Physically Aware Network-on-Chip Streamlines SoC Design Cycle

Feb. 22, 2023
The NoC IP configuration tool developed by Arteris IP is designed to optimize layouts while cutting design time.

This video appeared in Electronic Design and has been published here with permission.

This video is part of TechXchange Talks.

Arteris IP has released FlexNoC 5, a network-on-chip (NoC) IP configuration tool, designed to improve system-on-chip (SoC) designs and streamline the design cycle. I spoke with Arteris IP's VP of Product Development, Andy Nightingale, about the company's physically aware NoC IP (see video above). The system is designed to provide an optimized, working NoC layout while significantly reducing the design-cycle time. 

A NoC is a central component in SoCs these days, as they typically contain multiple cores, accelerators, memory blocks, and interfaces that need to communicate with each other. Timing and design challenges for these blocks is often easier than the NoC because they don't have to span the chip, which continues to get larger as more components are included. The challenge was automating the NoC layout and verification process (Fig. 1).

A typical design incorporating a NoC will take weeks to complete (Fig. 2). A significant amount of time is devoted to the manual changes to constraints during place and route (P&R) that are needed to create a working and optimized design. The actual synthesis is accomplished using automated tools, but the co-optimization has been done manually in the past since the designer understands the physical layout and constraints.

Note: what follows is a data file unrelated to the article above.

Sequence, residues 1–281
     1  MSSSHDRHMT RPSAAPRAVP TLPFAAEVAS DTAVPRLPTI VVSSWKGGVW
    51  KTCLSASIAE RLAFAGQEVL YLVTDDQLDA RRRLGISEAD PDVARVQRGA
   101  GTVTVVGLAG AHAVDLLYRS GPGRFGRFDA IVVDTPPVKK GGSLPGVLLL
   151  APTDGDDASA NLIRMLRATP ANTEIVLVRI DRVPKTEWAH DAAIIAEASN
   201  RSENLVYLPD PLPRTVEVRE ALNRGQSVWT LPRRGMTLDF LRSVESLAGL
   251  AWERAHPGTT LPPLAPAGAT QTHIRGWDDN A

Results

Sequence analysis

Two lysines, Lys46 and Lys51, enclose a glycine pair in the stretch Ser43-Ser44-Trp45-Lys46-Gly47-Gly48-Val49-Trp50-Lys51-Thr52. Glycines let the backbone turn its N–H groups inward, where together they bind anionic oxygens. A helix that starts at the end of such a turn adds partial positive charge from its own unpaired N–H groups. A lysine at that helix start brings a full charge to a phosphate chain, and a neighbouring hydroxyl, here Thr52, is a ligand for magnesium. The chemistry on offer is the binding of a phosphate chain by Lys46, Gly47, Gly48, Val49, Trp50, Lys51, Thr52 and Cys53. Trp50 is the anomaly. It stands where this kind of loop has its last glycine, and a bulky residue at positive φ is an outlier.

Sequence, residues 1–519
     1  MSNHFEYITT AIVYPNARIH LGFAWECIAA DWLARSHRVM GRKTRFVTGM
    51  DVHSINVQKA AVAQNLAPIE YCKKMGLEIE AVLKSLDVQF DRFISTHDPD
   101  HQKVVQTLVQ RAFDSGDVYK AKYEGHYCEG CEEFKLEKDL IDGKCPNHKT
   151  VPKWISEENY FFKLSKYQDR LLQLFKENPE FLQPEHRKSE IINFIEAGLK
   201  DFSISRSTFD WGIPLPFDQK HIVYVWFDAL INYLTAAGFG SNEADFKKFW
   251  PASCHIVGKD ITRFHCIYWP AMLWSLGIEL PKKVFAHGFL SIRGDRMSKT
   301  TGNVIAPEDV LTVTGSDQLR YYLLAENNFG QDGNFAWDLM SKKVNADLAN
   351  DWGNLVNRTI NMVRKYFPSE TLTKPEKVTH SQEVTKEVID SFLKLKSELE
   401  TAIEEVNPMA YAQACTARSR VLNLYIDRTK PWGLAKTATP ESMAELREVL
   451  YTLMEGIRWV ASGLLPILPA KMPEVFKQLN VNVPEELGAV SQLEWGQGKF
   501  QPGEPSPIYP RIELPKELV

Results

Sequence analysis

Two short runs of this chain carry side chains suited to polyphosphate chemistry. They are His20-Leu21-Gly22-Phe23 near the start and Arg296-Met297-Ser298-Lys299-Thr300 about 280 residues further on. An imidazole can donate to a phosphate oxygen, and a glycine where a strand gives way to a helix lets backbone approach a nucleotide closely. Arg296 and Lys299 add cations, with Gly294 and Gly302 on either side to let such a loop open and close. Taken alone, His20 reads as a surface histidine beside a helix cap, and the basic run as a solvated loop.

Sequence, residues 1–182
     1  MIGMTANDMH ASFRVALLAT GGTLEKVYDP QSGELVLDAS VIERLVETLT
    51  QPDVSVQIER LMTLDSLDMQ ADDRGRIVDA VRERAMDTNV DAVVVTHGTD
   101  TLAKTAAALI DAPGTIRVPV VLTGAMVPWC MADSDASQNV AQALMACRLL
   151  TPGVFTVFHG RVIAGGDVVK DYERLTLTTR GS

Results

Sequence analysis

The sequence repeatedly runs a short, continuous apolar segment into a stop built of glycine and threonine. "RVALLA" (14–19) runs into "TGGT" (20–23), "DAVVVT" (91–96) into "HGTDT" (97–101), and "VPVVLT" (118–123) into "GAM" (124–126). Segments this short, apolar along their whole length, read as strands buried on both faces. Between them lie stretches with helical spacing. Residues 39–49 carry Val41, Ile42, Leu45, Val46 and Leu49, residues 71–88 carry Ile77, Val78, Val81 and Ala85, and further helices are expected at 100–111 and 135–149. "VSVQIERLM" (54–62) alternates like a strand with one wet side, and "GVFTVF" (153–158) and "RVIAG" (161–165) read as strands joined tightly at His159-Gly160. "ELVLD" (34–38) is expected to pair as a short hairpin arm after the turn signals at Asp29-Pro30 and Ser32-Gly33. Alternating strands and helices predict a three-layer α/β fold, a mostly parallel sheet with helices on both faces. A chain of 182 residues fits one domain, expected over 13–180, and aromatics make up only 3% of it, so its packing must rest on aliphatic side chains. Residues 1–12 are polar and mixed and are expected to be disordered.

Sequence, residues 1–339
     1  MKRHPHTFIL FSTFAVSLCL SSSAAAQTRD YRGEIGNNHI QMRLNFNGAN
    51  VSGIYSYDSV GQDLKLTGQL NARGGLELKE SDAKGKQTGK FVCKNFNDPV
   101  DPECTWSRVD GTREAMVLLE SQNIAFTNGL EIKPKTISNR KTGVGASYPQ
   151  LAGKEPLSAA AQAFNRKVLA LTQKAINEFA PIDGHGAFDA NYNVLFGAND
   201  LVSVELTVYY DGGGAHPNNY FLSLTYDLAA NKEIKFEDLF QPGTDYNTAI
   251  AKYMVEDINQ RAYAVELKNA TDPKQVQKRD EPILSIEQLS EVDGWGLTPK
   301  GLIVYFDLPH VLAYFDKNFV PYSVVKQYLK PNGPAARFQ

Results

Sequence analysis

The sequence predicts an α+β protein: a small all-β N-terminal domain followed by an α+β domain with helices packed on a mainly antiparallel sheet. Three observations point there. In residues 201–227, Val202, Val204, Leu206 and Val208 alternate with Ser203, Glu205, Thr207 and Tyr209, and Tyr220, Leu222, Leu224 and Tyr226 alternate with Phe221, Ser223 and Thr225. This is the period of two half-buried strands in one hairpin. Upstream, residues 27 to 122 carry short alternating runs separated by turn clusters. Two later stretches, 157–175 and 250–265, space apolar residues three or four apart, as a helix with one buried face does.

One of the many tasks involved in the co-optimization process is the design of the pipeline stages. That's because the timing of the NoC is spread across the SoC, and that distance and the time it takes for signals to move across it is significant (Fig. 3). The task isn't necessarily straightforward and some trial and error comes into play, especially when the system's other physical constraints enter the mix. 

The FlexNoC 5 iteration understands the physical nature of the chip and automates the time details, such as pipeline insertion (Fig. 4). This results in fewer co-optimization iterations and simplifies the designer's role. It also can cut the amount of time required by a factor of five or more. 

Reducing turnaround time is a key to improving time-to-market. FlexNoC 5 accomplishes this goal while improving the resulting SoC NoC design, enabling developers to focus on other areas of the chip. 

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